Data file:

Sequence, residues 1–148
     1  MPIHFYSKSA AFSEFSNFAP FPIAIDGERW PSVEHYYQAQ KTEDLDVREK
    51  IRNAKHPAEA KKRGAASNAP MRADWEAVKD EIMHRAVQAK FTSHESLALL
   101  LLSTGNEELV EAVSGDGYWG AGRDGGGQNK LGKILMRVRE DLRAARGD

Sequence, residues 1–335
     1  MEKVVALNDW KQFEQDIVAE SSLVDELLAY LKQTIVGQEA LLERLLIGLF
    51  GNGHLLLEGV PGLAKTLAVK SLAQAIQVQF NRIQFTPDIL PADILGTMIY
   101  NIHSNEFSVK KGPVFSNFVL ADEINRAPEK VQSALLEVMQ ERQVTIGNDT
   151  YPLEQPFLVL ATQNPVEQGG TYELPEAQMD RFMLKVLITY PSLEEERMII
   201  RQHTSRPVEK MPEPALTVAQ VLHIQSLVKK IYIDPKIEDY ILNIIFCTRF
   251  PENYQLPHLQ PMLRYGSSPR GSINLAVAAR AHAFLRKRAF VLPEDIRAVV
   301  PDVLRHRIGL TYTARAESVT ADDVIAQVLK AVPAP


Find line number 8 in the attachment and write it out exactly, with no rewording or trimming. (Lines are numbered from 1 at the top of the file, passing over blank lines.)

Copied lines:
   101  NIHSNEFSVK KGPVFSNFVL ADEINRAPEK VQSALLEVMQ ERQVTIGNDT